Program targets families of Alzheimer’s patients


More than 5.4 million Americans live with Alzheimer’s disease, and that number may nearly triple by 2050, according to the Alzheimer’s Association.  Alzheimer’s is now the sixth-leading cause of death in the United States, and about one in three seniors dies with Alzheimer’s or another form of dementia.

“Based on data from a study done in 2014, some 11,050 local Jewish households were identified as ‘senior’ households, and from that we might expect 1,215 families are facing Alzheimer’s,” said Cheryl Kinney, director of client services for the Alzheimer’s Association’s St. Louis Chapter, the St. Louis Jewish community  

 This month, the Alzheimer’s Association is partnering with the Jewish Community Center to offer two days of care consultations, opportunities for families to meet with a social worker for help coping with Alzheimer’s. The private sessions are free, but registration is required. 

Consultations are available from 9 a.m. to 2 p.m. Feb. 24 at the Adult Day Center at the J’s Staenberg Family Complex, and from 9 a.m. to 2 p.m. Feb. 27 in Conference Meeting Room A at the J’s Marilyn Fox Building. To register, call 1-800-272-3900. 

“Early intervention is crucial,” said Kinney, 54. “Over time, Alzheimer’s disease is financially, physically, emotionally and spiritually exhausting for caregivers. We help families build a care team.” 

Kinney made time recently to talk about care consultations. For more on the work of the Alzheimer’s Assn. in the Jewish community, visit


Care consultations are available for families coping with Alzheimer’s, from prediagnosis to end-of-life issues. Talk a bit about the sessions. 

We provide individualized guidance and support for people with memory loss and for the family caregivers. Usually, a social worker spends 60 to 90 minutes addressing a family’s specific needs and concerns.


What kinds of issues come up?

A consultation could focus on warning signs and symptoms of dementia. A family member may ask how to get a diagnosis, or what to do if mom refuses to go for testing. We may focus on safety concerns. People often ask how they will know when it’s time to take the car keys away from a person with memory loss, and how to do that. Conflicts in the family come up, too.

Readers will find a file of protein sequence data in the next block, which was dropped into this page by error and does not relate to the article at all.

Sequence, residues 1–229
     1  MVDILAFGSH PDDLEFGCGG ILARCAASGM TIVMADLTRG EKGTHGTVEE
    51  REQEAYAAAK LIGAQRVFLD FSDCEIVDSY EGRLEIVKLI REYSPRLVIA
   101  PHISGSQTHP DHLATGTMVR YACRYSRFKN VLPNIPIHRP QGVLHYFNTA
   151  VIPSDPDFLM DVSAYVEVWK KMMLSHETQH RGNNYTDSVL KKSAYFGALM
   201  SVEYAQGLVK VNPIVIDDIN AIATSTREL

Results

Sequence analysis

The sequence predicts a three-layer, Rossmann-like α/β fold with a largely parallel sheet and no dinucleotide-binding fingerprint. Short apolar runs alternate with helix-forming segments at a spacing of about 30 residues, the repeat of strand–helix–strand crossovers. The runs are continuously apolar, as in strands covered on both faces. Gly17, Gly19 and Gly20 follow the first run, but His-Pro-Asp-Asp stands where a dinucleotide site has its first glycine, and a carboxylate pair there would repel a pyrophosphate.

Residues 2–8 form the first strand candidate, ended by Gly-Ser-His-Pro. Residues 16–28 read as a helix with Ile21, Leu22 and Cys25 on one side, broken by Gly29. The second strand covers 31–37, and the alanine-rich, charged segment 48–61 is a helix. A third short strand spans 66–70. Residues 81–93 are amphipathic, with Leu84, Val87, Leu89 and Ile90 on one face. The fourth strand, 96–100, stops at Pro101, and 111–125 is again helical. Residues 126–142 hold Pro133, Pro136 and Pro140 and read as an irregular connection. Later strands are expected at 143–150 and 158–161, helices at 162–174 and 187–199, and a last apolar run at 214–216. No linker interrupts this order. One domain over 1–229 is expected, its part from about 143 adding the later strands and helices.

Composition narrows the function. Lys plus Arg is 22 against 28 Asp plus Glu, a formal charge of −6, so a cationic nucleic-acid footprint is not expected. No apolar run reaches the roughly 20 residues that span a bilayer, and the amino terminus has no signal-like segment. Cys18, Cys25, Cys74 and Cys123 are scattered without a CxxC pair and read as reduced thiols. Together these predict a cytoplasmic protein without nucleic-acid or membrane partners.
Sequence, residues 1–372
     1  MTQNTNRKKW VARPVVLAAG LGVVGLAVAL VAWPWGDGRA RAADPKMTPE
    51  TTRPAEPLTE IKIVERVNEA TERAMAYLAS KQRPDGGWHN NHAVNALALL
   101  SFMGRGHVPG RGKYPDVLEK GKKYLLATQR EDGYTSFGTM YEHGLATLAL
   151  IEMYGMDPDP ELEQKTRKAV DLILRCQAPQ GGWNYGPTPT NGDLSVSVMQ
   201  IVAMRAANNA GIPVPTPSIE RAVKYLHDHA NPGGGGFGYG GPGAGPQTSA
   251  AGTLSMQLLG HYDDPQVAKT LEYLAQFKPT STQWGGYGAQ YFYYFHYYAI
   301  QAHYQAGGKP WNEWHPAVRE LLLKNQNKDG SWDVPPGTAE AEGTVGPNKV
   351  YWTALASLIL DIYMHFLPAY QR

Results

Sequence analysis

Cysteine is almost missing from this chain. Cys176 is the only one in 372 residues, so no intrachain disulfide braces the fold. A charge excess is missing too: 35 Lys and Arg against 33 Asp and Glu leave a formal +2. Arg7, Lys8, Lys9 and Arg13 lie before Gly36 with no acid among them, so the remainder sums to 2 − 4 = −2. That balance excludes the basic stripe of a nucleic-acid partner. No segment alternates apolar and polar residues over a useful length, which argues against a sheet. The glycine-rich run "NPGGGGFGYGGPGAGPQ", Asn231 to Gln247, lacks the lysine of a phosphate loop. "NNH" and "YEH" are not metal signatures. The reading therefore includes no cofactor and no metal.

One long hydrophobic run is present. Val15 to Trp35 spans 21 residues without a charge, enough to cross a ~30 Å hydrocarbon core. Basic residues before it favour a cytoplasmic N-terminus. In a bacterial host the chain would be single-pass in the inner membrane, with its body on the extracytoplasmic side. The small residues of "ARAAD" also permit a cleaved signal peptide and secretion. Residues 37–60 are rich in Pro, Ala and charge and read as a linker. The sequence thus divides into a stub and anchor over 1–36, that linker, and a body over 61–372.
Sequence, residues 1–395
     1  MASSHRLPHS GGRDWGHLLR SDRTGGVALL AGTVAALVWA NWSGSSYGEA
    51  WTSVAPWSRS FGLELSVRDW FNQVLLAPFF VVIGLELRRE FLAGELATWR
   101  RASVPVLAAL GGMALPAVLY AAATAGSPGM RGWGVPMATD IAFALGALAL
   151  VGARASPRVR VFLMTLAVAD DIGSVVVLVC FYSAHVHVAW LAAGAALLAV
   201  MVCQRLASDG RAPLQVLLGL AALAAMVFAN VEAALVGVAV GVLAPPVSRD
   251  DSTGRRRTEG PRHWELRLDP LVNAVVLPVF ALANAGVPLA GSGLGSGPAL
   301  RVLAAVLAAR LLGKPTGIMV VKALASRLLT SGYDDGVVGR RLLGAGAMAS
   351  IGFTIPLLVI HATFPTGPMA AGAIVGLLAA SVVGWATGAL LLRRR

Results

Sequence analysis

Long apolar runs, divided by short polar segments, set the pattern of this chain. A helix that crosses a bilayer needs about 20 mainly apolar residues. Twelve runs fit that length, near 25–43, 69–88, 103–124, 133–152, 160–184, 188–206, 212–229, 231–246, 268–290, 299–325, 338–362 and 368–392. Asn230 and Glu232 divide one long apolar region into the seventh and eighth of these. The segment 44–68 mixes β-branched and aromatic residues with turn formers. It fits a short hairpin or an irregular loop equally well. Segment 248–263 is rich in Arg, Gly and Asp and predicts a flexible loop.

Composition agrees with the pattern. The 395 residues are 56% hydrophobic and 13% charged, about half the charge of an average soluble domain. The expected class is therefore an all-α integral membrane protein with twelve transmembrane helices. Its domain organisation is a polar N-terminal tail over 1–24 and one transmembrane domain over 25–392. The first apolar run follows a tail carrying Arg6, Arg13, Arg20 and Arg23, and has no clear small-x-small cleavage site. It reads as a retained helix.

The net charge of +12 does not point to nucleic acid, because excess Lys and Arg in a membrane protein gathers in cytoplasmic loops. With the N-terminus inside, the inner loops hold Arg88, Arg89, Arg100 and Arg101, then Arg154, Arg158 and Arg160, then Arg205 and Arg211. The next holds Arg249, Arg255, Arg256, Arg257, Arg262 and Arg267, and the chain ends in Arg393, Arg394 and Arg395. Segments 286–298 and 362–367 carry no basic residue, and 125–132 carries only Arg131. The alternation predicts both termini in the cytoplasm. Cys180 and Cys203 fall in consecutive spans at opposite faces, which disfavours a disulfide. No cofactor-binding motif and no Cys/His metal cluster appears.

Can you give an example? 

Sometimes, one family member will remark that that dad would be mad if he knew the consultation was even taking place. We also do a lot of coaching for adult children trying to determine when to step in. If one parent is caring for the other, it’s not always clear how to help support both. 


What about discussions about care options?

We don’t do care management, but we can talk about different options and how to pay for them. People need to make decisions early on about legal and financial issues, and we like to include the person with memory loss in the discussions whenever possible.


Is it possible to have more than one care consultation? 

Yes. What a person with Alzheimer’s will need later differs from what they need today, so we encourage additional appointments. We can help with everything along the disease continuum. 


The St. Louis Chapter has built partnerships with the St. Louis Rabbinical Association and several congregations to better serve the Jewish community regarding education about Alzheimer’s. What is the status of the project? 

Historically, many families turn to their faith communities as a place for respite and healing, so four years ago, we started identifying people to serve as connections back to the Alzheimer’s Association. Today, B’nai Amoona, Central Reform Congregation, Shaare Emeth, Kol Rinah and Nusach Hari B’nai Zion participate in our Faith Ambassador Program, which includes an additional 135 faith communities in the metropolitan area. We want people to know that the Alzheimer’s Association empowers families. 

For more on the work of the Alzheimer’s Association in the Jewish community, visit

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